West Bengal Energy Situation

From energypedia

Status of the Power Sector

West Bengal, is an Indian state that lies in the eastern part of Indiain the Gangatic plains. It is the third largest economy in India. Being itself a center of agriculture and huge reserves of minerals, it constitutes one tenth of the Indian market.

West Bengal also has a prosperous hinterland of some mineral rich stateslike Jharkhand, Bihar and Orissa. Asansol is a coal mining area and Durgapur is a hub of power plants and the state is proximal to many other coal reserves as well. Government of West Bengal has initiated power sector reforms in 2005 with the restructuring of West Bengal State Electricity Board into a distribution company and a transmission company in 2007. West Bengal shows certain promising signs for better energy situation in the state beacuse of its financially viable power sector, energy surplus situation and its easy accessiblity. However, there are certain shortcomings like despite its almost 100% village electrification, the state's 42% rural households are still without electricity. Aquiring land for power projects is another problem that the state is facing.[1]

Given this backdrop, the state has an opportunity in the form of renewable energy, which can utilize the natural and geographic conditions to the fullest while not being much affected by the pitfalls that the state faces at this moment and can improve ist energy situation.

Energy Capacity

Installed Capacity of West Bengal Power Utility (megawatts)[2]:

Total Installed Capacity










  • RES: Renewable Energy Souces (include: small hydro, biogas, biomass, waste and wind energy)

Significant efficiency gains have been made by the state distribution utility in last few years and distribution loss has been reduced from 34.4%in FY 2004 to 22.8% in FY 2009. Additional 2,470 MW generation capacity has been added in State Sector at the end of FY 09. The additional capacity has helped the sector in meeting the increased demand for electricity in West Bengal and also trade surplus energy. The other Central and Power sector entities like Damodar Valley Corporation (DVC) and CESC have also been making generation investments.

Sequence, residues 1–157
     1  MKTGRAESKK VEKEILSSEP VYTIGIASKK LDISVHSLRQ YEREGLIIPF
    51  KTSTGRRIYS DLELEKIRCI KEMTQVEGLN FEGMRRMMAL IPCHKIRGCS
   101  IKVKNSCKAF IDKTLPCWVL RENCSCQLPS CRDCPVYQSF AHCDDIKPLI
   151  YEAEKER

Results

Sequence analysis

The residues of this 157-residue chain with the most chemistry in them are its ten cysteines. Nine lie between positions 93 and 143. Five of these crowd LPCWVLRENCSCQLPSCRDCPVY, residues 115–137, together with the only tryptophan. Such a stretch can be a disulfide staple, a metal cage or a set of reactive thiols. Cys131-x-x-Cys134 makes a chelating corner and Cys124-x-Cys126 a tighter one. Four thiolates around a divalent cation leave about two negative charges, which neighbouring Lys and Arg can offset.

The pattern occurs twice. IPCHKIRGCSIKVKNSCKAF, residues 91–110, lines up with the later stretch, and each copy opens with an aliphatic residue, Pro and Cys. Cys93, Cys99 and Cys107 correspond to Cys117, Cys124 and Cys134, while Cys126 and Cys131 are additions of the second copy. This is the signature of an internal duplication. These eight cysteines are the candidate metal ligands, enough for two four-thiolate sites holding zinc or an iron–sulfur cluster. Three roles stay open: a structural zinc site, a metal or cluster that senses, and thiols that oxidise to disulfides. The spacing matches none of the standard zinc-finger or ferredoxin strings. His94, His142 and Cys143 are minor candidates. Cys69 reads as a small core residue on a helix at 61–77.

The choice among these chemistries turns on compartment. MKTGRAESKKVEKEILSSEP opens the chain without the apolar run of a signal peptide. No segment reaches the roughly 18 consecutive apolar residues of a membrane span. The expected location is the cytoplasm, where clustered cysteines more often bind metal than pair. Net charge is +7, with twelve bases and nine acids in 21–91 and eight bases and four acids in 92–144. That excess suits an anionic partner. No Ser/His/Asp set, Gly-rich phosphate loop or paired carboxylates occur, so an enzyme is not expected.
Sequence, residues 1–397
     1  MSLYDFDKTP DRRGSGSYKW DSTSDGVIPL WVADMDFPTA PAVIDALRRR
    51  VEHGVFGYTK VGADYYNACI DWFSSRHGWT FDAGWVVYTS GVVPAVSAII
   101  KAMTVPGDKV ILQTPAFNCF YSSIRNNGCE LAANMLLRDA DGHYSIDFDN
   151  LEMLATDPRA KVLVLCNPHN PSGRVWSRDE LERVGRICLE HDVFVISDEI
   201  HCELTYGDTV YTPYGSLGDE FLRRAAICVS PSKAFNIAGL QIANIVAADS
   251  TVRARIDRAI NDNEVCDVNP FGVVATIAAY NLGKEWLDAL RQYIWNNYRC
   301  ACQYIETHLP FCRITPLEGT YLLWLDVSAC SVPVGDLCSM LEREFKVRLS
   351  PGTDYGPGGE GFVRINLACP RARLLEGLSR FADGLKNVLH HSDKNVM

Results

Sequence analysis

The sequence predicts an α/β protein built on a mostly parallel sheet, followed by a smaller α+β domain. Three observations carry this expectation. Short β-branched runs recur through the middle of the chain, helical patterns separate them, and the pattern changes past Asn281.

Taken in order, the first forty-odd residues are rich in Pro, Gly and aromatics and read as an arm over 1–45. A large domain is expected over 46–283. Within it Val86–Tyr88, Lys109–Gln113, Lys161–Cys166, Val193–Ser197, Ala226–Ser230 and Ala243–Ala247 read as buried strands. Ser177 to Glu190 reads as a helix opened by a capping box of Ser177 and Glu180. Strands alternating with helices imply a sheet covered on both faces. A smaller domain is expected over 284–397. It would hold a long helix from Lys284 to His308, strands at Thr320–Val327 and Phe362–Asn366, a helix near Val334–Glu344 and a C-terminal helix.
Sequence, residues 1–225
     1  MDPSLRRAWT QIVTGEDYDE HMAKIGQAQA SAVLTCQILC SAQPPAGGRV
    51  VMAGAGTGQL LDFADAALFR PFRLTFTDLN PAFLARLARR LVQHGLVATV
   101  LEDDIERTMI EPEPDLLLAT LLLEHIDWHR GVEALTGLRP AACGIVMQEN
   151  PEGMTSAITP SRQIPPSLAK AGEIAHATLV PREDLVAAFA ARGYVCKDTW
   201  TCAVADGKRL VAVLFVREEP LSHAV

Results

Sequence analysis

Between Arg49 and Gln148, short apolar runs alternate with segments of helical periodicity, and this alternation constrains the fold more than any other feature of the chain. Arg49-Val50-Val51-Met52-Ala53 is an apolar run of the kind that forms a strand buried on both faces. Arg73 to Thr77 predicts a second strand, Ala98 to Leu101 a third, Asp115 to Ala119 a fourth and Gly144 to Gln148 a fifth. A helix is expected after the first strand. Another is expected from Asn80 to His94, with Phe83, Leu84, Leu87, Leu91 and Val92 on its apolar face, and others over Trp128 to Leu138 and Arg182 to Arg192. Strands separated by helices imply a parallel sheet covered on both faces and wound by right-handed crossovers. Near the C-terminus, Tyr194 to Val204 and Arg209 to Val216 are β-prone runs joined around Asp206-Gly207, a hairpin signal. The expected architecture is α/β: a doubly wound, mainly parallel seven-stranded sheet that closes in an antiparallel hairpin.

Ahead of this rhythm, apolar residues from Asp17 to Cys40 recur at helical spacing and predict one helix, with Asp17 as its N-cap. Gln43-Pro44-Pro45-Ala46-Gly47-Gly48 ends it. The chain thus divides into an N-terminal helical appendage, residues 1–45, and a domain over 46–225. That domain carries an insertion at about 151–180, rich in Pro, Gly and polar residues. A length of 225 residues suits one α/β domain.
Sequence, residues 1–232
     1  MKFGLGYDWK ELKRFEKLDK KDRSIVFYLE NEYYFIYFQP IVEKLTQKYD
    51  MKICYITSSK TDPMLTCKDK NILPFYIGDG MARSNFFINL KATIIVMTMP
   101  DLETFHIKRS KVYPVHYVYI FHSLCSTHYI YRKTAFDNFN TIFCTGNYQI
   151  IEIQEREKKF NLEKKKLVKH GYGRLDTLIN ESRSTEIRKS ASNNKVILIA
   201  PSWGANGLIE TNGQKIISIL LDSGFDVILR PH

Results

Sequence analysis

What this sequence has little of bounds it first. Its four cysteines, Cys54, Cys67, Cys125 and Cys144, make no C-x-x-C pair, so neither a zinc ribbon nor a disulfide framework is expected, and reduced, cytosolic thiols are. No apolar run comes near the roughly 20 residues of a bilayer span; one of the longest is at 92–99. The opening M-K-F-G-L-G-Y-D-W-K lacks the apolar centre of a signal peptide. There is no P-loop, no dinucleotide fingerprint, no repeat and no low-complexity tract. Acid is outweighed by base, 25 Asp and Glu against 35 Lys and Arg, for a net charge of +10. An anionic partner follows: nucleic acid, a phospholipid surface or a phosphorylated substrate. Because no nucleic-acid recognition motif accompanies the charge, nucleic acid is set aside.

The government of West Bengal has come up with an innovative concept of Power Banks where in the excess generated power is being accumulated for future use.[3]

Energy Consumption

The State level Perspective Power Planning Committee (2006) has projected the aggregate demand for electricity to be between 66,368 and 71,351MU by FY 2021. Per capita consumption of electricity in the year 2009-10 was 492 kWH in West Bengal[4]

Energy Supply

The peak demand in West Bengal is projected to be between 8,937 and 10,871 MW in 2021 increasing to about 14,730 MW by 2031. In FY 2008, the state faced a shortfall in meeting energy demand (1188 MU) and also experienced peak-load deficits to the tune of 296 MW.[5]

Rural Electrification

As per the census 2001, 99.5% of villages in the state of West Bengal is electrified. The state has achieved nearly 100% electrification in 2009 from the level of 40% in the year 2004. There has been significant increase in household electrification as well from 20% in FY 2004 to 40% in FY 2009.[6]

Status of Renewable Energy

As of December 2011, West Bengal had 9220.19 MW of thermal power, 315.88 MW of hydro power, 92.88 MW of nuclear power and 262.71 MW of power from renewable energy sources. The State Government is encouraging setting up of renewable energy-based power plants. The State Nodal Agency has many feathers in its cap in terms of the promotion and development of renewable energy technologies in the state. It is equally promoting solar, biomass and wind energy based energy generation technologies in its districts. Examples like Electrification of Sundarbans through non- conventional energy sources and Sagar Island Wind- Diesel Hybrid System can be quoted here.

'Renewable Power Potential and Achievement in West Bengal'[7]:

Energy Source


Cumulative Achievment

Wind (w/o Offshore)






Small Hydro



Solar Photovoltaic



Solar Thermal


Solar Rooftop


Urban and Industrial Waste



All Sources